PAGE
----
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Carmen David Clark Allen: Widescreen album cover
2.62 | 18 ratings | 1 reviews | 11% 5 stars

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Studio Album, released in 2007

Songs / Tracks Listing

1. Veracruz (2:24)
2. La Luz (6:47)
3. Tango for Pia (3:26)
4. Delta (4:48)
5. Seti (3:36)
6. Dancing on a Cold Wind (3:01)
7. Bouba (4:13)
8. Isobel (5:09)
9. Hope (2:49)
10. Margarita (4:58)
11. Carmenesque (8:39)

Total Time 49:50

Line-up / Musicians

- David Clark Allen / guitar, keyboards (1,6), sampler (6), voice (7), handclaps (1,4,10)
- Laurence Elliot Potter / keyboards & sampler (2,4-11)
- Julian Ferrareto / violin (2,7,8,11)

- Steve Legasick / keyboards & sampler (1,3,5,6)
- Clare Hayes / whistle flute (6)

Releases information

Artwork: Clark Allen (1956)

2CD Angel Air Records ‎- SJPCD225 (2007, UK) Bundled with the remastered reissue of "The Gypsies" 1975 album

Thanks to SouthSideoftheSky for the addition
and to projeKct for the last updates
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Buy CARMEN David Clark Allen: Widescreen Music

CARMEN David Clark Allen: Widescreen ratings distribution

(18 ratings)
Essential: a masterpiece of progressive rock music(11%)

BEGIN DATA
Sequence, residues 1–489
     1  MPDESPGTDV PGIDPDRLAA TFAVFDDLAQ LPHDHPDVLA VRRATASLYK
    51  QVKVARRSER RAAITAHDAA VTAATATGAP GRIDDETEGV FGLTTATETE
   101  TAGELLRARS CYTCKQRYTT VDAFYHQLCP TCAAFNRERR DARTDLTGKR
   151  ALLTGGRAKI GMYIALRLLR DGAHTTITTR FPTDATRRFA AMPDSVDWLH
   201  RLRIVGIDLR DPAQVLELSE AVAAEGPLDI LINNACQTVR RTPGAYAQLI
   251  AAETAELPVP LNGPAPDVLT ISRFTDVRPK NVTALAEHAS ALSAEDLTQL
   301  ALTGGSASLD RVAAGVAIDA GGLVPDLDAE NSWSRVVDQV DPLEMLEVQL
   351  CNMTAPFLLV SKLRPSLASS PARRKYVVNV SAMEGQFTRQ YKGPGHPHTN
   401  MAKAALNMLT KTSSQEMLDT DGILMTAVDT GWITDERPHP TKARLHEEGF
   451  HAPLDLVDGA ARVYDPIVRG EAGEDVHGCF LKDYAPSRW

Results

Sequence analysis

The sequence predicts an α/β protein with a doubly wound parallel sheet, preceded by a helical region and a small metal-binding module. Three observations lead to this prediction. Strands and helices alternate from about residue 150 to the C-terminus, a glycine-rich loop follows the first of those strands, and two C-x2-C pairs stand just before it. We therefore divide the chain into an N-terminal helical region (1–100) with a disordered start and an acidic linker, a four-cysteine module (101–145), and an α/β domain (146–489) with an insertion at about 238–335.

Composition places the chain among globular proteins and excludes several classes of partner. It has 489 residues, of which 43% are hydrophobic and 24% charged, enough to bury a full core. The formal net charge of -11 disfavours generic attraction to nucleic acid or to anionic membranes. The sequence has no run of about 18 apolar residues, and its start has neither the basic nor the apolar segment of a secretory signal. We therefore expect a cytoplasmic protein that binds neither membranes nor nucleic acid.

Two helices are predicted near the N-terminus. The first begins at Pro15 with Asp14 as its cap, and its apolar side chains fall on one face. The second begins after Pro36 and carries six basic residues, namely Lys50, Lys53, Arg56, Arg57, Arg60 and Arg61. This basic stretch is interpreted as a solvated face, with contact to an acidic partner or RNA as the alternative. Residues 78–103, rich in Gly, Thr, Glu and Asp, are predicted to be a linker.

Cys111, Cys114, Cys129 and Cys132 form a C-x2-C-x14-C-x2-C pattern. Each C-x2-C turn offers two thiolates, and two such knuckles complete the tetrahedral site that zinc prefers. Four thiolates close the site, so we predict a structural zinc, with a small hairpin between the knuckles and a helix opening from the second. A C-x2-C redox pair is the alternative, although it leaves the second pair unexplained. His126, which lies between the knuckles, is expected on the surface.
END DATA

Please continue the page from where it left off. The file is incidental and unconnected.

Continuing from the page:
Excellent addition to any prog rock music collection(33%)
Good, but non-essential (33%)
Collectors/fans only (17%)
Poor. Only for completionists (6%)

CARMEN David Clark Allen: Widescreen reviews

Showing all collaborators reviews and last reviews preview | Show all reviews/ratings

Collaborators/Experts Reviews

Review by DangHeck
2 stars David Allen, effectively sans-Carmen, goes quiet.

Released in 2007, David Clark Allen's Widescreen was also compiled with Carmen's otherwise final album, 1975's The Gypsies, which I listened to earlier today. In the least, I do recommend perusing that album.

Introducing this album is the very traditional "Veracruz", with light percussion and acoustic instrumentation. Also handclaps! In retrospect, a sure highlight.

"La Luz" is instead minimal. Same for "Tango For Pia". And I'm seeing now, all percussion is apparently sampled material. It sounds good enough. Gets the job done.

"Delta" in the least has some soloing. This album though has turned out to be very minimal, very traditional in tone, and not often if at all in the 'progressive' camp. "Seti" on the other hand does have a slightly more upbeat rhythm. But ultimately still... not a whole lot here for me.

It's back to soft (and at least very lovely) on "Dancing on a Cold Wind"... until a minute in and the beat once again picks up. This has some more instrumentally than on most tracks that came before. The beat keeps it up on "Bouba", which... I don't know. It doesn't offer me much. Modernity didn't help. Another softie in "Isobel"... and in "Hope".

"Margarita" has something different, but still not for me. An apparently new version from a track off Gypsies. Lastly, we have the self-referential "Carmensque". Some strangeness herein. And here, like the bonus track on the aforementioned Carmen album originally released 42 years before, modern sampled percussion all the more. It's a tad abrasive though after all we just heard. This song features keyboards and synth most prominently. It's more like an electronica tune. I'll pass.

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